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Egypt: Arrests shake charter panel

The arrest of several protesters angered members the panel drafting Egypt’s constitution

Published: Updated:

The panel drafting Egypt’s new constitution suspended its work on Tuesday after several demonstrators, including a prominent activist, were arrested outside the parliament.

Hoda el-Sadda, a senior member of the panel, told AFP she and nine others “suspended work after the arrest of protesters.”

The protesters were transferred to the prosecution’s office for investigation after they violated a recently issued controversial law to ban unauthorized protests.

They were protesting against an article in the revised basic law that allows the military to try civilians in certain cases, a security official said.

Among those arrested were Mona Seif, founder of a campaign against military trials of civilians, and Ahmad Harara, a dentist who lost his eyes to birdshot during protests against Hosni Mubarak in 2011 and against the military council that ruled Egypt immediately after Mubarak’s fall.

Another panel member, Khaled Youssef, also criticized authorities for arresting the protesters as he suspended his work on the committee.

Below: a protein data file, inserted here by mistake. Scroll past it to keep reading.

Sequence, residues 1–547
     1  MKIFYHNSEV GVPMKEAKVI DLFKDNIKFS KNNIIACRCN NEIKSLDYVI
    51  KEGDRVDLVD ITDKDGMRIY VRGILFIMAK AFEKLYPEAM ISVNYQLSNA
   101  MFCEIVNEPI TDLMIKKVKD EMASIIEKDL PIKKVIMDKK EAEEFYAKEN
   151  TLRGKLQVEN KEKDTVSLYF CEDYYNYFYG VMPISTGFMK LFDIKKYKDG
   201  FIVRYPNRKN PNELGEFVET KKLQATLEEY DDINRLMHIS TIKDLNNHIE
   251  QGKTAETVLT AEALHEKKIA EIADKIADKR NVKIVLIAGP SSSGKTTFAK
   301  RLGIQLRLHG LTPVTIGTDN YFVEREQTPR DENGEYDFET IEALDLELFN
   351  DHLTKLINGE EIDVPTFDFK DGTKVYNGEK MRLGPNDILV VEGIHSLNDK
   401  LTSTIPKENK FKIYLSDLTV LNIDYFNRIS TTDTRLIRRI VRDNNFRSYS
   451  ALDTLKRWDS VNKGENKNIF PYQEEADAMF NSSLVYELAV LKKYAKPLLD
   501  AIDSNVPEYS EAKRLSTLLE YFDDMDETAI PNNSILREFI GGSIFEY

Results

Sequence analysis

“What is happening is threatening the future of our country because this committee of 50 faces risk of exploding. This committee is the cornerstone of the road map,” Youssef said on state television, referring to the transitional plan outlined by Egypt’s interim rulers after they came to power following the overthrow of Islamist President Mohammad Mursi.

The road map envisages that a new constitution, a new parliament and a new president should be in place by the summer of 2014.

Activists, meanwhile, vented their anger at Tuesday’s protest crackdown.

“This won’t stop the protest,” said Alaa Abdel Fattah, a prominent activist and brother of Seif.

“They used water cannon and then started beating and arresting people,” he told AFP.

“The law must be repealed,” said Ahmed Maher, founder of the April 6 movement that spearheaded the 2011 revolt that toppled Mubarak.

“The interior ministry does not want any protests,” he said, adding that “even under Mubarak we could hold protests.”

Police also used water cannon to disperse another protest in Cairo where demonstrators were demanding the prosecution of those responsible for the deaths of demonstrators in November 2011 when opponents of the then military rulers clashed with police in the capital.

Amnesty International said the new protest law was a “serious setback that poses a grave threat to freedom of assembly and gives security forces a free rein to use excessive force, including lethal, against demonstrators.”

The Islamist Freedom and Justice Party, the political arm of the banned Muslim Brotherhood, also condemned the law.

It said that “instead of stopping the security forces’ repressive and murderous practices, (the law) entrenches brutality and abuse”.

Egypt’s military-installed authorities are engaged in a crackdown since August 14 on Islamist supporters of President Mursi.
He was overthrown on July 3 after mass street protests against his turbulent single year of rule.

Since then, more than 1,000 pro-Mursi protesters have been killed and thousands more arrested.

(With AFP)